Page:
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        don't worry I can believe it...theres so much bullshit in this field
        its unreal. I give up. Official.



        --- In pfaf@yahoogroups.com, Sara Elbrai <selbrai@...> wrote:
        >
        > I would love to see a scientific explanation for that. It seems
        highly unlikely. I have both almonds and peaches growing next to each
        other and there seems to be no effect on the flavor of the almonds
        and certainly no bitterness.
        >
        > Here in California there is extensive study of almonds and no such
        pollenizer effect has been noted. In fact a European study has shown
        that pollenizers do not seem to affect almond flavor:
        >
        > http://cat.inist.fr/?aModele=afficheN&cpsidt=1533391
        >
        > Sara
        >
        >
        >
        > --- On Tue, 12/30/08, Jim <cromlech108@...> wrote:
        >
        > > From: Jim <cromlech108@...>
        > > Subject: [pfaf] Re: 5 acre meadow planted with fruituing and
        nutting trees
        > > To: pfaf@yahoogroups.com
        > > Date: Tuesday, December 30, 2008, 4:39 PM
        > > I have just removed the almonds - read in the The Ultimate
        > > Fruit and
        > > Nut Guide (Exploring Woodland) by Susanna Lyle that cross
        > > fertilisation between almonds and peachs can make for
        > > bitter almonds!
        > >
        > > Dunno what it does for the peaches.
        > >
        > >
        > > --- In pfaf@yahoogroups.com, Steve <permalove@>
        > > wrote:
        > > >
        > > > Hi Jim
        > > >
        > > > I felt similarly to Rich about the grid arrangement.
        > > Not just from
        > > the point
        > > > of view of aesthetics, but also that spreading out
        > > your similar
        > > varieties (I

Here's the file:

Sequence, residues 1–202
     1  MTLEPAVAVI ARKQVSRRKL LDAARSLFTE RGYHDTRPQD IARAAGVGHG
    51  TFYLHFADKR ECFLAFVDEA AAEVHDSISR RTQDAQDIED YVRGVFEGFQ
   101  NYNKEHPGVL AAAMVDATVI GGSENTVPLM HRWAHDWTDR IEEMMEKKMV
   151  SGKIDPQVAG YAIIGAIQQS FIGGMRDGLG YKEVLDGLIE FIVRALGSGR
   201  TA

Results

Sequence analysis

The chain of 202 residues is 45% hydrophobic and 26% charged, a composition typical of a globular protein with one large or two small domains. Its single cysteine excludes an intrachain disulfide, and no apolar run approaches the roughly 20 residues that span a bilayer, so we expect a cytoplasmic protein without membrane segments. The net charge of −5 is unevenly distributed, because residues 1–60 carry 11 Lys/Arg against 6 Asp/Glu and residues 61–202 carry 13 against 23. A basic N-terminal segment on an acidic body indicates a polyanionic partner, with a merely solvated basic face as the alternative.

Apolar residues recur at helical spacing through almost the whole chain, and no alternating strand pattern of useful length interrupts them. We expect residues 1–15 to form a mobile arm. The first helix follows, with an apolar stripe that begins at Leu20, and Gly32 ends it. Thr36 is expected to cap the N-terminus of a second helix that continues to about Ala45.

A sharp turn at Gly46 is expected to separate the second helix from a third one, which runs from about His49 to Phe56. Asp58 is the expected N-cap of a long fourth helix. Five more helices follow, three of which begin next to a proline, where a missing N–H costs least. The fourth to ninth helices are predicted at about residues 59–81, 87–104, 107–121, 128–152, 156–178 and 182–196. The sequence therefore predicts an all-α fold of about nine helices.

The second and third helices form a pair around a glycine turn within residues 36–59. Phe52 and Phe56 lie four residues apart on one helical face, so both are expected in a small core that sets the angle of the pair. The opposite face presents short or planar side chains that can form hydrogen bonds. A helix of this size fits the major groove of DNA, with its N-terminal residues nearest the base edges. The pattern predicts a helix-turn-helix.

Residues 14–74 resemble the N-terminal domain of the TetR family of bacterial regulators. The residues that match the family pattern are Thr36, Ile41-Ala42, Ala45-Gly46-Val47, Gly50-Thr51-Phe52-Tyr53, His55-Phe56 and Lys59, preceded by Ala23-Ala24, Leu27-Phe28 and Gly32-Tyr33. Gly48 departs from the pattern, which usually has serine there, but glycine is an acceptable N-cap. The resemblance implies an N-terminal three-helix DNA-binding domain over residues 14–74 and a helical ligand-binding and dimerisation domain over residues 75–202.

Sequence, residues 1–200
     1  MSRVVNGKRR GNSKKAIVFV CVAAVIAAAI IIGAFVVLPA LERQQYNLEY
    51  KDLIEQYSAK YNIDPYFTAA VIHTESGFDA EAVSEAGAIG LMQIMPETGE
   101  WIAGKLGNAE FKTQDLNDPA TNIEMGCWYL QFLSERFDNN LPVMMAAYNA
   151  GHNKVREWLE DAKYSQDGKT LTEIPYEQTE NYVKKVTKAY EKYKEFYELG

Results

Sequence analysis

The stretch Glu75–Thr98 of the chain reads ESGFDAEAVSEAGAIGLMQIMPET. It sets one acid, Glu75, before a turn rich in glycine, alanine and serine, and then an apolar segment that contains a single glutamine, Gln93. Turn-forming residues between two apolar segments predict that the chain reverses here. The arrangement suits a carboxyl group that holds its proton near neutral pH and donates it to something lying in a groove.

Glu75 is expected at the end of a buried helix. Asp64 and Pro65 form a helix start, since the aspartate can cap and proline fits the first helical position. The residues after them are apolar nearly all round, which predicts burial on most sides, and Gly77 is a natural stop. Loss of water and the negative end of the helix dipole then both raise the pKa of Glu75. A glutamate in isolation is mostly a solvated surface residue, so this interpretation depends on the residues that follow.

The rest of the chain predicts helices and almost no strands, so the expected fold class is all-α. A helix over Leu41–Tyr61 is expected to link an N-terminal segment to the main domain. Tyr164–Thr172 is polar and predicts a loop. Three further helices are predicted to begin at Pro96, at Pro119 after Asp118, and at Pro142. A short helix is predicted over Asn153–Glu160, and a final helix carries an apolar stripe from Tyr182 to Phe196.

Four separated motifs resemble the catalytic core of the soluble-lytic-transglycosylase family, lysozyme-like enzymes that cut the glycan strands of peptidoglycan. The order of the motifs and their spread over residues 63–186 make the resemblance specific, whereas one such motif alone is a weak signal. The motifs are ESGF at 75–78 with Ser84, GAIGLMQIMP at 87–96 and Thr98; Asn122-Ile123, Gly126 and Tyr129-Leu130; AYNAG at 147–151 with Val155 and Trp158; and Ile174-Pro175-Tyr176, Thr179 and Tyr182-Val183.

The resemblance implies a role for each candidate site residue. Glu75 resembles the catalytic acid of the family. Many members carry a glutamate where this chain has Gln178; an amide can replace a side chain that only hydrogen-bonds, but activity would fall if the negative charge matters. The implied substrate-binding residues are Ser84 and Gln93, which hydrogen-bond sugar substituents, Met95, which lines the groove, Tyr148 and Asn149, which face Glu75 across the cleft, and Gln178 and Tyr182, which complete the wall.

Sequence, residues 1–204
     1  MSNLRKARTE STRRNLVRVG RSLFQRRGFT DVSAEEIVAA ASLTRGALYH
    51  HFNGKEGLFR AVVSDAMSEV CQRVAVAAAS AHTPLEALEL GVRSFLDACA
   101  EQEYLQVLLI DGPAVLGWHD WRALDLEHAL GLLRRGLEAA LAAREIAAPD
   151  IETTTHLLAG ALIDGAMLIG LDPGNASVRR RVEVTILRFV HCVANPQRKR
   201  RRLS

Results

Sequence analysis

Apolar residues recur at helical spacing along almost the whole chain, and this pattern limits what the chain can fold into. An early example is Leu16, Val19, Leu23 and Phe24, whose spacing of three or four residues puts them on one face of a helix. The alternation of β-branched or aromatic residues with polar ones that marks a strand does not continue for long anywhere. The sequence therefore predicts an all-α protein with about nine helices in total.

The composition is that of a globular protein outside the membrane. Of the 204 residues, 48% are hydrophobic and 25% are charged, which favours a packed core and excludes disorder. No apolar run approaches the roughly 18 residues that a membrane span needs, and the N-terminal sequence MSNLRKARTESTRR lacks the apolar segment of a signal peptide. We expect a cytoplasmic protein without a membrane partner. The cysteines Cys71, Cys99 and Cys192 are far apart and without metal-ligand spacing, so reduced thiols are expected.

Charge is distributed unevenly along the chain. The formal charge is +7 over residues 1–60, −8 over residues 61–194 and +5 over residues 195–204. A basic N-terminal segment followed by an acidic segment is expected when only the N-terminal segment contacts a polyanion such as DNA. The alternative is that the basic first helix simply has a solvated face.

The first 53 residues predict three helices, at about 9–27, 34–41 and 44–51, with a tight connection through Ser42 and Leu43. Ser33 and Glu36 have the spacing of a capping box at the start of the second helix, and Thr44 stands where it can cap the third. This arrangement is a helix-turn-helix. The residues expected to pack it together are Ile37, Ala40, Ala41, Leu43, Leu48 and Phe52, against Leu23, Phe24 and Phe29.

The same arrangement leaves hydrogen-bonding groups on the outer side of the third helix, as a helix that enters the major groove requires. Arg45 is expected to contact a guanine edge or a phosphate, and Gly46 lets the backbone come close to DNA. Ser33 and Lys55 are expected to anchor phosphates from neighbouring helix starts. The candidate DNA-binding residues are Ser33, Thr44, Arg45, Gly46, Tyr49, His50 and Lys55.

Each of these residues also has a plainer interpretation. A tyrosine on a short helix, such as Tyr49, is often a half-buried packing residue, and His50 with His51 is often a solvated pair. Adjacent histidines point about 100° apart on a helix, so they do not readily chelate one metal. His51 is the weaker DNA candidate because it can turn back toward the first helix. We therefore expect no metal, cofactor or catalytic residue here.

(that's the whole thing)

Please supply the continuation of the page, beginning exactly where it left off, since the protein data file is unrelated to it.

> > > see peach, almond, almond, nectarine, apricot in close
        > > proximity)
        > > may help
        > > > prevent pests which target one genus. or family.
        > > > Perhaps a north-south oriented cross with your
        > > chestnuts as the
        > > points of
        > > > the compass, then the alternating mid-points (NE, SE,
        > > SW, NW) could
        > > be your
        > > > peaches and almonds...this could give you a nice
        > > circular feature.
        > > > Or use your oaks and hawthornes as part of a
        > > windbreak.. In the end
        > > it's
        > > > hard to get an idea from a white sheet.. is there a
        > > slope
        > > involved? perhaps
        > > > towards the "v. wet" spot?
        > > >
        > > > I'm envious of your 5 acres..
        > > >
        > > > Peace,
        > > >
        > > > Steve.
        > > >
        > > >
        > > >
        > > >
        > > > --
        > > > "Look beyond complexion and see community.."
        > > > Maya Angelou
        > > >
        > > >
        > > > [Non-text portions of this message have been removed]
        > > >
        > >
        > >
        > >
        > > ------------------------------------
        > >
        > > Yahoo! Groups Links
        > >
        > >
        > >
        >